HST Observations of NGC 7252

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Session 17 -- Normal Galaxies
Oral presentation, Monday, 10:30-12:00, Wheeler Room

[17.07] HST Observations of NGC 7252

Brad Whitmore (STScI), Francois Schweizer (DTM), Claus Leitherer, Kirk Borne, Carmelle Robert (STScI)

A population of about 40 blue pointlike objects has been discovered in NGC 7252 using the Planetary Camera on board of the Hubble Space Telescope. NGC 7252 (sometimes referred to as the ``Atoms-for-Peace'' galaxy) is one of the prototypical examples of a merger between two disk galaxies. Schweizer (1982: ApJ, 252, 455) has argued that the remnant will eventually become an elliptical galaxy. The luminosities, V$-$I colors, spatial distribution, and sizes are all compatible with the hypothesis that these objects formed $\leq$ 1 Gyr ago during the original merger, and that they are the progenitors of globular clusters similar to those we see around galaxies today. It therefore appears that the number of globular clusters is not a conserved quantity during the merger of two spiral galaxies, but increases instead. This weakens van den Bergh's objection against ellipticals being formed through disk mergers, based mainly on the fact that disk galaxies have fewer globular clusters per unit luminosity than ellipticals galaxies do.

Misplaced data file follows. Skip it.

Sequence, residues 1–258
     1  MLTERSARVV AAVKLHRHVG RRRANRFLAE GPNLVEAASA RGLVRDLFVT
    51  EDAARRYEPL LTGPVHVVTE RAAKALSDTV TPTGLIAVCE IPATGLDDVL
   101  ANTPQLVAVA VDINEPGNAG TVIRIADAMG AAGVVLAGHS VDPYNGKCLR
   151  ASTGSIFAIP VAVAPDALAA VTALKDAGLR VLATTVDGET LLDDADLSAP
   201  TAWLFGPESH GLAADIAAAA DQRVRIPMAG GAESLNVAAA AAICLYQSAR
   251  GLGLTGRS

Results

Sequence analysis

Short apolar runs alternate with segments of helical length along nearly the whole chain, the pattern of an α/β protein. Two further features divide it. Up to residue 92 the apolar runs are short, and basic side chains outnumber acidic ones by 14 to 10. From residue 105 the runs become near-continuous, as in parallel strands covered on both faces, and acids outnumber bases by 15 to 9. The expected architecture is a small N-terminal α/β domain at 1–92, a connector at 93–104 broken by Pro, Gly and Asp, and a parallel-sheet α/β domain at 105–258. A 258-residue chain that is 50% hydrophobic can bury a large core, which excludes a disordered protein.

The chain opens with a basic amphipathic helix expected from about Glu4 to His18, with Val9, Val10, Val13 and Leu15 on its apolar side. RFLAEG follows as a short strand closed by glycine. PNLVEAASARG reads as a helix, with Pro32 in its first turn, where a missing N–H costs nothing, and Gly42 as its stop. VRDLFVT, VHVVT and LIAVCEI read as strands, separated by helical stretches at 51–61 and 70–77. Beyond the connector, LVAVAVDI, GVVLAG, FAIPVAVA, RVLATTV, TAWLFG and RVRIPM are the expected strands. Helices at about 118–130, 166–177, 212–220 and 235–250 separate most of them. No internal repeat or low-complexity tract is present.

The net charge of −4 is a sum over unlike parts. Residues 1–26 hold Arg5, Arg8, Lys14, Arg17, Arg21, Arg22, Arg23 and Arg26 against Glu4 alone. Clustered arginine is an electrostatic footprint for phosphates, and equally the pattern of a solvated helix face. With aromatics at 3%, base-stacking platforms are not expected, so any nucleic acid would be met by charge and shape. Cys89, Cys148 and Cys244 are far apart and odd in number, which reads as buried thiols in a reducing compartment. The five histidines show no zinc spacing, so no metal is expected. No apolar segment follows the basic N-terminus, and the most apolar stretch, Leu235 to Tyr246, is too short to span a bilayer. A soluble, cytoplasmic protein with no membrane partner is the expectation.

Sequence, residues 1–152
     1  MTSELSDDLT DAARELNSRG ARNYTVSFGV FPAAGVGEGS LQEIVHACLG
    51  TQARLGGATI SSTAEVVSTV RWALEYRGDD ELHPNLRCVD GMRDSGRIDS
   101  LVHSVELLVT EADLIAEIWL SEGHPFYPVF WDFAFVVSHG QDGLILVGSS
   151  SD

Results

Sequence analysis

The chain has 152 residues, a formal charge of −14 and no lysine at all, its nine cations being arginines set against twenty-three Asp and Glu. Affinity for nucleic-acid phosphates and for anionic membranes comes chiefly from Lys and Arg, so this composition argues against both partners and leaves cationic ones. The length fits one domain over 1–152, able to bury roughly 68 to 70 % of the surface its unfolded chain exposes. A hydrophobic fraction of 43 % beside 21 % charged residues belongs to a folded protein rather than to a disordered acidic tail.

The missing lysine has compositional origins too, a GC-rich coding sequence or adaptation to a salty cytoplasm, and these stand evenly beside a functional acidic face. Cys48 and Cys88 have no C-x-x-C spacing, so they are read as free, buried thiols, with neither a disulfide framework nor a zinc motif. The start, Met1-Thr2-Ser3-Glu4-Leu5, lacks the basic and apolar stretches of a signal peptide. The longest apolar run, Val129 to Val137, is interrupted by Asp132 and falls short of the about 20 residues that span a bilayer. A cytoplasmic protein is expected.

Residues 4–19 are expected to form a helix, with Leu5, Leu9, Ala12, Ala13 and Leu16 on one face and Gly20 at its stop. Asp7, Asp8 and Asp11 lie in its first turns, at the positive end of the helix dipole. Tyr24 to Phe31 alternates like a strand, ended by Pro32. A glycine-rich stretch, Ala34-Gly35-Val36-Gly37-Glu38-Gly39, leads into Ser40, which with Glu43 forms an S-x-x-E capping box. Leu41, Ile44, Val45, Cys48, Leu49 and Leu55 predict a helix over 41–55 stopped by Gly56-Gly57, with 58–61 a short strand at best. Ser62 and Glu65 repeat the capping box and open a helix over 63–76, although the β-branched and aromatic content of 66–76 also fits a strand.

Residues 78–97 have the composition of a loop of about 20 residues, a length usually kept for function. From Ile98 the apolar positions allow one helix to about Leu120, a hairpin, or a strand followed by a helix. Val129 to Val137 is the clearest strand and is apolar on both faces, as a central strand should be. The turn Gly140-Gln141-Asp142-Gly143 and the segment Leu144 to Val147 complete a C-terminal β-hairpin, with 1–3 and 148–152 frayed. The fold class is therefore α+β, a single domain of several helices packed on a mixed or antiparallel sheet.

The objects found in NGC 7252 are very similar to the pointlike sources recently discovered in NGC 1275 by Holtzman et al. (1992: AJ, 103, 691). However, NGC 1275 is a peculiar galaxy in the center of the Perseus cluster. While Holtzman et al. argue that the objects in NGC 1275 may be the progenitors of globular clusters, Richer et al. (1993: AJ, 105, 877) suggest that these objects may instead be related to the strong cooling flow in the cluster. Our discovery of a population of bright blue pointlike objects in NGC 7252, a prototypical merger, makes a much stronger connection between the formation of globular clusters and the merger history of a galaxy. Other findings are: (1) NGC 7252 has a single, semi-stellar nucleus; (2) spiral arms are seen within 3.5$''$ (1.6 kpc) of the center, presumably formed through the continued infall of gas into a disk around the center of the galaxy; (3) dust lanes and very weak spiral structure are seen out to about 9.2$''$ (4.3 kpc), primarily on the NE side; and (4) a ripple is found on the west side, 5.0$''$ from the center.

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